Throughout the 7 years I have spent at the University of Juba, I have viewed Prof. John Akec from all angles. First, outside his shadow as a mere student and, second, inside his shadow as a students’ leader, presiding over Juba University Medical Students’ Association. In 2020 during the COVID-19 Pandemic, he appointed me as a Member of a Technical Committee for the University of Juba COVID-19 Taskforce. Our distance then became immeasurable and I came to conclude that he is a god of service delivery.

In South Sudan, there are very few leaders who can change a messed-up system and fix a new system. When the universities were closed down during COVID-19 Pandemic, he fought tooth and nail, drafting Plan A to Plan E, just to have the University of Juba reopened. He kept increasing the tuition fees in part to nauseate the government release money and in part to augment the workflow of the university.

When the salary delays, he pays lecturers using the university’s money. When he sees the government is taking his payment of lecturers as an advantage, he can organise a peaceful protest to pressurise the government to release the salary. He augmented and improved the Postgraduate Programs and initiated the Evening Class Program.

The international ties between the University of Juba and other universities in Africa and beyond were reinvigorated and strengthened and this opened doors for MoUs, donations, scholarships, and mutual benefits. This made it get a rank.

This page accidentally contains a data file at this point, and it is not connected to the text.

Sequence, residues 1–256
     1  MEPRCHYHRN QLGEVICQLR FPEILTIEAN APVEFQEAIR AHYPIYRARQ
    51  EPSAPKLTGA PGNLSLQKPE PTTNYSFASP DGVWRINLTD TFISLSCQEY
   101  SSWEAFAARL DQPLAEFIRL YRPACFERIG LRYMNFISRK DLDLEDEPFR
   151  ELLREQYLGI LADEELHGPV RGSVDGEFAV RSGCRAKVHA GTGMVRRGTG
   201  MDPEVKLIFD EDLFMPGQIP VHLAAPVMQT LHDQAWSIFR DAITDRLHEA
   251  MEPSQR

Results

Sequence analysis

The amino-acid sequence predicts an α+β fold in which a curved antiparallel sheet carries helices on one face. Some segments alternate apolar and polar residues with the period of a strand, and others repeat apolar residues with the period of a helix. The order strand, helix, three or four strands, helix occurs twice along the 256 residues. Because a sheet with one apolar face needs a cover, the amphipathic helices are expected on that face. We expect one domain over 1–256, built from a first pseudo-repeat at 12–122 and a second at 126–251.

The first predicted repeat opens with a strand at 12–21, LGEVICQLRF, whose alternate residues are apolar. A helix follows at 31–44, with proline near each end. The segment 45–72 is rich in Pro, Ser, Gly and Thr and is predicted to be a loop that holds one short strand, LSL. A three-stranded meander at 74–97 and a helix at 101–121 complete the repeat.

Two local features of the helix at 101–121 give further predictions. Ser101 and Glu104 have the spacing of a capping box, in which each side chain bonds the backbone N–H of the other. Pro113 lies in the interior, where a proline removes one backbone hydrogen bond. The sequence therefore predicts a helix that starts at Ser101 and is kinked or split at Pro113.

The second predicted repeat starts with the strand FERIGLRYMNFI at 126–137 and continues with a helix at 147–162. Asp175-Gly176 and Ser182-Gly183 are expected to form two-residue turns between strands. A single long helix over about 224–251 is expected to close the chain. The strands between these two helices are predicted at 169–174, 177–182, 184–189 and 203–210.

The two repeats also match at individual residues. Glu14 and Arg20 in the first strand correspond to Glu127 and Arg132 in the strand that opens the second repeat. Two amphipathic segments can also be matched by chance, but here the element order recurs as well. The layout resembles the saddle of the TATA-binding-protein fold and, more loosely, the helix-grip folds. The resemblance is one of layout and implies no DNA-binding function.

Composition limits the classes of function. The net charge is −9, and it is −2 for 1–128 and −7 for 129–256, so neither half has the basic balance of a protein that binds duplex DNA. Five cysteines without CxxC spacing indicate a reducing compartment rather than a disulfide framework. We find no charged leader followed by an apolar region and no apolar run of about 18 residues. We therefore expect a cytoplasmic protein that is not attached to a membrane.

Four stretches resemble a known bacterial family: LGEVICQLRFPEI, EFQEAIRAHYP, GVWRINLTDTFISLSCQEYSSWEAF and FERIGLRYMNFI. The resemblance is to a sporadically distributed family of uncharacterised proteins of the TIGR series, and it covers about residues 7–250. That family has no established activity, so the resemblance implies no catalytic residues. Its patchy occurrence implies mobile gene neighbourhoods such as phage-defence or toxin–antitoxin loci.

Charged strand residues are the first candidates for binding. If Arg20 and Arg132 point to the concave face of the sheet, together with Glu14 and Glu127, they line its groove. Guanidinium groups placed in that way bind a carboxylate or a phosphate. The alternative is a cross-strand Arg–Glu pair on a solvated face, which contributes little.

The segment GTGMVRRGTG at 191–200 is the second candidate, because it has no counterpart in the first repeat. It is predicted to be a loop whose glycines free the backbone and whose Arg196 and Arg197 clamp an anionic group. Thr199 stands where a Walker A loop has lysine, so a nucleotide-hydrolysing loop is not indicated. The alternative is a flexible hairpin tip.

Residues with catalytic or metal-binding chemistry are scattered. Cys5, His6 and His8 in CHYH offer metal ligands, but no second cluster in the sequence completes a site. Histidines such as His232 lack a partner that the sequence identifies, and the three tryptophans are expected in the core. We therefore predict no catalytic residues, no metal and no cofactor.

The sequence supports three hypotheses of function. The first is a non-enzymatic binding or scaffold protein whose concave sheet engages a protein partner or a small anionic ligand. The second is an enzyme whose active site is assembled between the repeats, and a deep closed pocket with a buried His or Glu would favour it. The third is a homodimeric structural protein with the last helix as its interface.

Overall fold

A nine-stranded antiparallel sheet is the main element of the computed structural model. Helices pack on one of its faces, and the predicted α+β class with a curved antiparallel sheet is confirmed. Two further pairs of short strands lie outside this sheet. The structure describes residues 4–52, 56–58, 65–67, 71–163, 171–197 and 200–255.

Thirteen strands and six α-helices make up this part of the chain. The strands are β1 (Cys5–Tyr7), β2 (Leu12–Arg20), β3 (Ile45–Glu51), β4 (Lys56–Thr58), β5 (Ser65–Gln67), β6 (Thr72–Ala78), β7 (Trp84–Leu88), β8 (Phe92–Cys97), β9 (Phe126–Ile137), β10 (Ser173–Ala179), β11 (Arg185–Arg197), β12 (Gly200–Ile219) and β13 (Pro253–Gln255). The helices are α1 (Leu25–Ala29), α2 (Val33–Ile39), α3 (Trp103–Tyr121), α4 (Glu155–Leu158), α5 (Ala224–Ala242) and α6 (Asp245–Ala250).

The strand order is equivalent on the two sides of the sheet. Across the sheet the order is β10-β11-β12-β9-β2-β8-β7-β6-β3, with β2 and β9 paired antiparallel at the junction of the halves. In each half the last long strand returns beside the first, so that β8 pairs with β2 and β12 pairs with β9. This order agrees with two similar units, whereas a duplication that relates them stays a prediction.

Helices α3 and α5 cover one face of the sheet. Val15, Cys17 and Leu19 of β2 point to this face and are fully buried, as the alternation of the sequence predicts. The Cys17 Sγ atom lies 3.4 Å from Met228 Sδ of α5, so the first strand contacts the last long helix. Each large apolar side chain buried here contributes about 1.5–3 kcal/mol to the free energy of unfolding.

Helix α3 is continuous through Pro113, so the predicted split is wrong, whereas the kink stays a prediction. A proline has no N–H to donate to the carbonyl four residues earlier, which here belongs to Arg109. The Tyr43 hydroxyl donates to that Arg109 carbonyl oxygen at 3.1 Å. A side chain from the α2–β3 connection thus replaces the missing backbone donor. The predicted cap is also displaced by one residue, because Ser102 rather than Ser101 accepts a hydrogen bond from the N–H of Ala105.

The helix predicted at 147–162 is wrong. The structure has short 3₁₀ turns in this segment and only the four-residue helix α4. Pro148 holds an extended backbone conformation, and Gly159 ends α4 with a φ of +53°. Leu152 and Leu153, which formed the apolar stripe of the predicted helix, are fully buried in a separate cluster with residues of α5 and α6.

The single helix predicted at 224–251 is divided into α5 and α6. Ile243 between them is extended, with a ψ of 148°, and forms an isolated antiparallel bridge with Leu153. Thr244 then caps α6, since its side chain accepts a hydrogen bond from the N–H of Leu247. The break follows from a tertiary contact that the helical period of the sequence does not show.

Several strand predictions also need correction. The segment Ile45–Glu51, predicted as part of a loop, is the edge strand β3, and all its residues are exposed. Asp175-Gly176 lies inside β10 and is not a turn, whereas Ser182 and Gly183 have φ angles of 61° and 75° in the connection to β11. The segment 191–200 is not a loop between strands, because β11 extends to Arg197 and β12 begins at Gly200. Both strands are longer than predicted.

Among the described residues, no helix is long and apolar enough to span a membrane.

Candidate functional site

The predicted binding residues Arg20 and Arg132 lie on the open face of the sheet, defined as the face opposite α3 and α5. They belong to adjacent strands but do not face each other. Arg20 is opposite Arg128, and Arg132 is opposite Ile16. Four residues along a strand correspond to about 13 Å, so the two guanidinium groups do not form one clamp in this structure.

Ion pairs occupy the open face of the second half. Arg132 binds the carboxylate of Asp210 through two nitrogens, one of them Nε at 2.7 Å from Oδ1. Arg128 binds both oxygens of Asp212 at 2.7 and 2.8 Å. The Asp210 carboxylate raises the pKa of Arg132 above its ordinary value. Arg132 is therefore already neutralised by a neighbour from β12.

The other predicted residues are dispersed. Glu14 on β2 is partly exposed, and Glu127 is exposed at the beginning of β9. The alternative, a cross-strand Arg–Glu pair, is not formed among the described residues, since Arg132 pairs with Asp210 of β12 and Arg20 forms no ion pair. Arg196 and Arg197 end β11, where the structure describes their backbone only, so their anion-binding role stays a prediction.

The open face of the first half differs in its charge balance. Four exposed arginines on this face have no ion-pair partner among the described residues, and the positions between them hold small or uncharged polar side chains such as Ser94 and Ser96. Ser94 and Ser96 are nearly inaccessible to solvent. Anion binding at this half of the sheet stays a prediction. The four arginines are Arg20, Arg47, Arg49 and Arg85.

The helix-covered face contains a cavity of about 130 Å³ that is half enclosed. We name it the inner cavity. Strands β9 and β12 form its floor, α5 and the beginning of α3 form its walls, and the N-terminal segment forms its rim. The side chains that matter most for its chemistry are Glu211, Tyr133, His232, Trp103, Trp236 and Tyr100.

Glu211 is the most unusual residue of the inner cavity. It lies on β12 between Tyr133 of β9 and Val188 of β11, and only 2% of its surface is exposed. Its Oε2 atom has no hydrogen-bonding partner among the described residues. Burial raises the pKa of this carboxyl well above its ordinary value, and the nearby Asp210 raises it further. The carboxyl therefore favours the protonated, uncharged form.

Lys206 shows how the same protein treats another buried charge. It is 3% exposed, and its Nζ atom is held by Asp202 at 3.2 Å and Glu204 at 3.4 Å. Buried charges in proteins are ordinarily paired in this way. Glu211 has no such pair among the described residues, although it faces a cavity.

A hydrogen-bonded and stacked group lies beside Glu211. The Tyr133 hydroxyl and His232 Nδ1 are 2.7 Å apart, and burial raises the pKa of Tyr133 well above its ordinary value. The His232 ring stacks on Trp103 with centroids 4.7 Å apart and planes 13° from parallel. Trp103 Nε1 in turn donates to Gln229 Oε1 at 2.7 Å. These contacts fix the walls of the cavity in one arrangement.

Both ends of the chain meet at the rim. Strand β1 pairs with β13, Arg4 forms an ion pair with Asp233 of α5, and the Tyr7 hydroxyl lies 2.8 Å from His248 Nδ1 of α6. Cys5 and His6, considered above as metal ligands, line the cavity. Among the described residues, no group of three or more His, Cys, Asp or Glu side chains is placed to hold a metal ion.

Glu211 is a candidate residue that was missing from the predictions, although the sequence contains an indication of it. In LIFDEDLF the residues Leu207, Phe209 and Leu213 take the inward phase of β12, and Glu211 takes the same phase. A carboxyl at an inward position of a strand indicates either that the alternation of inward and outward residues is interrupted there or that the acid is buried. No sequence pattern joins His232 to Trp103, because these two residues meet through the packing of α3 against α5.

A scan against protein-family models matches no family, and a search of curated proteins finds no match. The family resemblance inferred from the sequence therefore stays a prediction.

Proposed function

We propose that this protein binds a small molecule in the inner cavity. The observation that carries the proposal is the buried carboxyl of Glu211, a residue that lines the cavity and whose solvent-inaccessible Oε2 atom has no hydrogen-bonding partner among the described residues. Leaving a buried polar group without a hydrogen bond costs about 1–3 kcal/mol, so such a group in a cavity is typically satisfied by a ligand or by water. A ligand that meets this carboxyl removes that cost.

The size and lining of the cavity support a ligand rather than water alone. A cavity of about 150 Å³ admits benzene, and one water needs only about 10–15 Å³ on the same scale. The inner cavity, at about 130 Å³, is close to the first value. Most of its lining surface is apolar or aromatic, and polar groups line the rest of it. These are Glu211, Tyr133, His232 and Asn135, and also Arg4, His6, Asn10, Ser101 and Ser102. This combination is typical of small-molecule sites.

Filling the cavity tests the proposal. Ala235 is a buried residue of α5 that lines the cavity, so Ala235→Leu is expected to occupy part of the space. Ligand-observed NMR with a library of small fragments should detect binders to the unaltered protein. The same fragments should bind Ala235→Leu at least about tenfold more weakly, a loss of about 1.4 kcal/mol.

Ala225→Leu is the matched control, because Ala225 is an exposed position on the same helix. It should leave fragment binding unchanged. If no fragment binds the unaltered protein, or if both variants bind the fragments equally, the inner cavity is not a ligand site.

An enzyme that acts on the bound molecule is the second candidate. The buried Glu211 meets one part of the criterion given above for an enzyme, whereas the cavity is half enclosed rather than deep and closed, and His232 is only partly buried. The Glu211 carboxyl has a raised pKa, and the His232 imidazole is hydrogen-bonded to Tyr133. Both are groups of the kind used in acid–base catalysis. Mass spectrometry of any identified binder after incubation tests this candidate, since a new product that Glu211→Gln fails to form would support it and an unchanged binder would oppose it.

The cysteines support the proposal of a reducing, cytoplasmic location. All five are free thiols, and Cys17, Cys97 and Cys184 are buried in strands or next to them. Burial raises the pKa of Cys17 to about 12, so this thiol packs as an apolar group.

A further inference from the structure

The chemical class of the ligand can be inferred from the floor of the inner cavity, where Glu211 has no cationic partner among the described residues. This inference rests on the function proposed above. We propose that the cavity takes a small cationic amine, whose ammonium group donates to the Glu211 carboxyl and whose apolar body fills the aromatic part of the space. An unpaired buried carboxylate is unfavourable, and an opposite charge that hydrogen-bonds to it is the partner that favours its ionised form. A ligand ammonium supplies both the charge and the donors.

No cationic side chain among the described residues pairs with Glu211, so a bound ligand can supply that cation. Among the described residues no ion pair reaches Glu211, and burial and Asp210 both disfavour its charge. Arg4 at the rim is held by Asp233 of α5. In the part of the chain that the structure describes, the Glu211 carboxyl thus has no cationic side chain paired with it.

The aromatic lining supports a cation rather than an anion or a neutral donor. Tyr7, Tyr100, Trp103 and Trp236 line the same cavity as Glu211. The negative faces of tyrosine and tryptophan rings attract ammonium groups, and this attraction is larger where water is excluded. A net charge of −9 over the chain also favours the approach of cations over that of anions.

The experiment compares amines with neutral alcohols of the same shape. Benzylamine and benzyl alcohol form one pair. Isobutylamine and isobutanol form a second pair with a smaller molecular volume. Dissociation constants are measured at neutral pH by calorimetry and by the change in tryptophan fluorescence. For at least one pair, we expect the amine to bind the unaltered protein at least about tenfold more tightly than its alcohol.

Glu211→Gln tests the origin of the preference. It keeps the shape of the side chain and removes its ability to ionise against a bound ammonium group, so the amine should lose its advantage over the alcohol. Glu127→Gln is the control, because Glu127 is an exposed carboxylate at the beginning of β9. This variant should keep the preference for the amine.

I’m a human being, I cannot remember all the achievements of Prof. Akec Apuruot. Before Prof. John Akec was appointed a Vice-chancellor, he was a human being. So, if there are pending issues still unimproved, it is that he is a human being. Even Jesus Christ, in his entire 33-year life, left a number of burning issues unsolved and we all know he’s a son of God.

To me, Prof. John Akec was not only a VC, but also a citizen with South Sudan imprinted on his heart. He has fought a beyond-VC war. Of course, he was the president of a small nation within the big one, University of Juba. He saved the Sudd Wetlands and the university land grabbed by public property eaters. He was more than a VC. I pray that God gives him another fat opportunity.

To the new VC, Prof. Robert Mayom, he is a twin brother to Prof. John Akec. No doubt about that. I recommend that more light should be shed on the setting of examinations, marking, entering and release of academic results. There is some sort of manipulation and leakage of examinations. Some examinations are substandard, while others are overstandard because it seems like the examinations do not pass through the panels of examiners for check and balance.

The annoying issue is the delay of academic results. Results come out when the students have already registered and received lectures in the next classes and it is a very expensive joke to bring back students to their previous classes. This will allure court cases, I prophesy. Another major issue is lack of enough lecture halls. Now that cafeteria is turned into a beautiful building and named “UNIPOD, does this mean the main cafeteria for student meals is buried at all? Or is there a chance for its resurrection?

To end, most of the students who have occupied the three hostels are those who graduated some years ago. Some of them are even lecturers. So, why would lecturers share hostels with students? How safe are the tests, examinations and results? I urge the new VC to look at any problem as a problem. Remember a small leak can sink a ship.


Thanks for reading “Sowing The Seed Of Truth”.